Blame the Night

by Cameron Lawrence

But first blame the sun for how I worry time,
polishing it like a rabbit’s foot, or a saint’s thumb.

Blame every minute I pour out as liquor from a flask,

small enough to sip, but large enough to sink a city.

For the mornings I rush-hour from you, and split-

second the children with a forehead kiss, exhausting myself

past the sweepers, the café workers unstacking chairs,

—speeding toward money. Blame the afternoon

for everything unfinished, blame the dusk’s erasure.
And later, when you and I loll together in blue flicker,

adding zeros and ones to the sums of our attention

vanished in the blink of a television switched off,

don’t blame the moments we will lose to sleep, 

the incomprehensible landscapes of dreaming.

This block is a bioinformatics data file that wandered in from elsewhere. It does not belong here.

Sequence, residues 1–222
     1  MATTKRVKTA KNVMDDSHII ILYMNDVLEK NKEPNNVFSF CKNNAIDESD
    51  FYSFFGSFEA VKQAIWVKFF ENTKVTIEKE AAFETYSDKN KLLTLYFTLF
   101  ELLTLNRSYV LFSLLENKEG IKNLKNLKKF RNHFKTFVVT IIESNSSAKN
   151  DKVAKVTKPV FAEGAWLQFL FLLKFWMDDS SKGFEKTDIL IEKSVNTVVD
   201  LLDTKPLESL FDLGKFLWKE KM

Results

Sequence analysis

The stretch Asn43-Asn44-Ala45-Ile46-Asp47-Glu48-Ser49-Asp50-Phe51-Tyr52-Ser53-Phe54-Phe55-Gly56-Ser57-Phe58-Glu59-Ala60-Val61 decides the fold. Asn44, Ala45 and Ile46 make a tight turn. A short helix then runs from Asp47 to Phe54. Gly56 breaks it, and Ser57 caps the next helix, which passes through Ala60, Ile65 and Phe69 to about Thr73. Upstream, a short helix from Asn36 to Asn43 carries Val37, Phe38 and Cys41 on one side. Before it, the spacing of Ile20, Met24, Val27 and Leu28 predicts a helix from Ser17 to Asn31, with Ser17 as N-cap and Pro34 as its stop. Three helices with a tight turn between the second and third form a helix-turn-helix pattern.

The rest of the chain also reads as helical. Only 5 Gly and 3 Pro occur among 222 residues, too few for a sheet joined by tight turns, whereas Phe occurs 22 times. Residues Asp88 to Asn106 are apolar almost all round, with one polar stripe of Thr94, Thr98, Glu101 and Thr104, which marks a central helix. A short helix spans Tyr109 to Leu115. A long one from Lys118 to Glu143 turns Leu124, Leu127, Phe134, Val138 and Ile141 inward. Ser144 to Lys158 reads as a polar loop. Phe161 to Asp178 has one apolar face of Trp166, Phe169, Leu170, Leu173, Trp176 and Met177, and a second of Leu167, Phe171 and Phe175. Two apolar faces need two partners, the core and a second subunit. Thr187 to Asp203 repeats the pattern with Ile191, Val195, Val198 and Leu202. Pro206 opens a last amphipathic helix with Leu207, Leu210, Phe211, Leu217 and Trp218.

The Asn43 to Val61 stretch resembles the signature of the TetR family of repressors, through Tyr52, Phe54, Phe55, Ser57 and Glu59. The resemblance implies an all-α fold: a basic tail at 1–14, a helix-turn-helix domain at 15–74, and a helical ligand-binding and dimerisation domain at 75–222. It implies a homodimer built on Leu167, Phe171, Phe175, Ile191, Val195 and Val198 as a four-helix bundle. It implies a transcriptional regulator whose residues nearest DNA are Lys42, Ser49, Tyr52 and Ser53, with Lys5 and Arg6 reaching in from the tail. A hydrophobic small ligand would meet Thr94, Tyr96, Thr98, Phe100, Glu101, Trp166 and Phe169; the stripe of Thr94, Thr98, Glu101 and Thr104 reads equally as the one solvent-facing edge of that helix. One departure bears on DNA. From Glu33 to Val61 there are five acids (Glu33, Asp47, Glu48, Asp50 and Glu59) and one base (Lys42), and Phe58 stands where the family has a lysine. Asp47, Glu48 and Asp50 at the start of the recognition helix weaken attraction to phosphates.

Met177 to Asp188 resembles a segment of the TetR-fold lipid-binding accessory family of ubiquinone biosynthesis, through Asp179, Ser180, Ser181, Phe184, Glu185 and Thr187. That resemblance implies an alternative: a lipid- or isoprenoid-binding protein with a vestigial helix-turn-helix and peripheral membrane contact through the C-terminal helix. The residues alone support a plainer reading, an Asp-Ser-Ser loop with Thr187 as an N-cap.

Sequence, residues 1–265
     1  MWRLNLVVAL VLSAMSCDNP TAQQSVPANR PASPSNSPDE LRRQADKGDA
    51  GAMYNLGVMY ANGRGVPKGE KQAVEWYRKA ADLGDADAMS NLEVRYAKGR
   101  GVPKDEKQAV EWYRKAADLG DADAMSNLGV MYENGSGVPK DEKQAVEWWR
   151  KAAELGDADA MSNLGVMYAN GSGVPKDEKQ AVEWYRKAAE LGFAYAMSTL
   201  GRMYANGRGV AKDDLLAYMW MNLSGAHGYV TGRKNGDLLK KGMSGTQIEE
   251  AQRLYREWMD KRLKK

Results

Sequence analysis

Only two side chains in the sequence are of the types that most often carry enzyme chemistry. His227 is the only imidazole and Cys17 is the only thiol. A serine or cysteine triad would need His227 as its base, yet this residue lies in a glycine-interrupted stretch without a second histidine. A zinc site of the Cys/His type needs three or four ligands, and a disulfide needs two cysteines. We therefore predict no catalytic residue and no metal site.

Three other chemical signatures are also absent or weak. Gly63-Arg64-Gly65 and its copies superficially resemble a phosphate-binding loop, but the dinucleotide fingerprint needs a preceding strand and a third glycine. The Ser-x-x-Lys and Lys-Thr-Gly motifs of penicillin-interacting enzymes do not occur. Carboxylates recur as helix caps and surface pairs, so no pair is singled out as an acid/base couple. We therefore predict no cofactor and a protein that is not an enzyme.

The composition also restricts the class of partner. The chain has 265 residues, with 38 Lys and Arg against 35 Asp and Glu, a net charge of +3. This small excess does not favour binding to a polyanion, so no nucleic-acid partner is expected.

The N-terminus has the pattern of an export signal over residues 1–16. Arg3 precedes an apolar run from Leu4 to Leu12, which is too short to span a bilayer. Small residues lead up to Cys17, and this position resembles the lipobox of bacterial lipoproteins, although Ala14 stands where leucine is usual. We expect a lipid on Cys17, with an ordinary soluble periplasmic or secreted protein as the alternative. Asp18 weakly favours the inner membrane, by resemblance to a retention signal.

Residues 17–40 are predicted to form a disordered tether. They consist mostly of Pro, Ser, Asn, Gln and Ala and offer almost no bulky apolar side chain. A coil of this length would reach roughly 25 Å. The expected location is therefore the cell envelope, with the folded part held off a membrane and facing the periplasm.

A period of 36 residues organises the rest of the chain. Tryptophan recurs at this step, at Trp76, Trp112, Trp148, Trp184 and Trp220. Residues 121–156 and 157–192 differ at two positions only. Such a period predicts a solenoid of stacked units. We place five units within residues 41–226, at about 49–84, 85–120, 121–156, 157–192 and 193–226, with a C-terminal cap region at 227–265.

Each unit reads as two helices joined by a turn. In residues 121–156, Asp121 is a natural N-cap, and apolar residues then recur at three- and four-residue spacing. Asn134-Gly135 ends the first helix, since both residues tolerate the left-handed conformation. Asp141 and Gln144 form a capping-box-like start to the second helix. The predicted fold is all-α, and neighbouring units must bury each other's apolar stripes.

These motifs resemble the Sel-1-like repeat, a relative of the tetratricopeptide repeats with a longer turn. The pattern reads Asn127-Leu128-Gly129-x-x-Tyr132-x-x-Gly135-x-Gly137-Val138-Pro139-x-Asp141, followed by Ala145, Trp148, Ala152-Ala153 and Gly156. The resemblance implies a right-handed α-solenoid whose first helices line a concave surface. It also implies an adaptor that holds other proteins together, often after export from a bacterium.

Don’t blame the numbness of my arm beneath you
for how the years have left us lonesome in the subliminal

tick and hum of clocks. Blame the night not for its darkness,

but for how it ends—its susceptibility to the light.

Cameron Lawrence is a poet and visual artist from Arizona. His poems appear or are forthcoming in Five Points, Poetry Northwest, West Branch, The Florida Review, Image, Wildness, and elsewhere. He keeps busy painting and writing in his home studio in Decatur, Georgia, where he lives with his wife and four young children.

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